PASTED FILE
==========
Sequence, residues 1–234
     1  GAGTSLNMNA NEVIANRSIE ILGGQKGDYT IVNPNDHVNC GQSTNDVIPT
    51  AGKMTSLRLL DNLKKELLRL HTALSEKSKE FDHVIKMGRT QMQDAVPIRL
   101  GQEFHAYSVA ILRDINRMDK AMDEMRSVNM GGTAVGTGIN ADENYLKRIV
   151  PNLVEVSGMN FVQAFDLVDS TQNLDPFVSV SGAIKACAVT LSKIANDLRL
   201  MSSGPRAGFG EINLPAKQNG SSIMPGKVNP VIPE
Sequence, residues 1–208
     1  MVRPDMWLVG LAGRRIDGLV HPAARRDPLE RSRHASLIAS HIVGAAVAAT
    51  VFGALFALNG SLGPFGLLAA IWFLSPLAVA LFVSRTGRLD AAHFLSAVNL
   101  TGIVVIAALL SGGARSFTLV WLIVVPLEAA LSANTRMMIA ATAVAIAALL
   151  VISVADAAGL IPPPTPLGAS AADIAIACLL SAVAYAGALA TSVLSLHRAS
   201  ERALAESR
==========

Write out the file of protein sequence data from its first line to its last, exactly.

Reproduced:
Sequence, residues 1–234
     1  GAGTSLNMNA NEVIANRSIE ILGGQKGDYT IVNPNDHVNC GQSTNDVIPT
    51  AGKMTSLRLL DNLKKELLRL HTALSEKSKE FDHVIKMGRT QMQDAVPIRL
   101  GQEFHAYSVA ILRDINRMDK AMDEMRSVNM GGTAVGTGIN ADENYLKRIV
   151  PNLVEVSGMN FVQAFDLVDS TQNLDPFVSV SGAIKACAVT LSKIANDLRL
   201  MSSGPRAGFG EINLPAKQNG SSIMPGKVNP VIPE
Sequence, residues 1–208
     1  MVRPDMWLVG LAGRRIDGLV HPAARRDPLE RSRHASLIAS HIVGAAVAAT
    51  VFGALFALNG SLGPFGLLAA IWFLSPLAVA LFVSRTGRLD AAHFLSAVNL
   101  TGIVVIAALL SGGARSFTLV WLIVVPLEAA LSANTRMMIA ATAVAIAALL
   151  VISVADAAGL IPPPTPLGAS AADIAIACLL SAVAYAGALA TSVLSLHRAS
   201  ERALAESR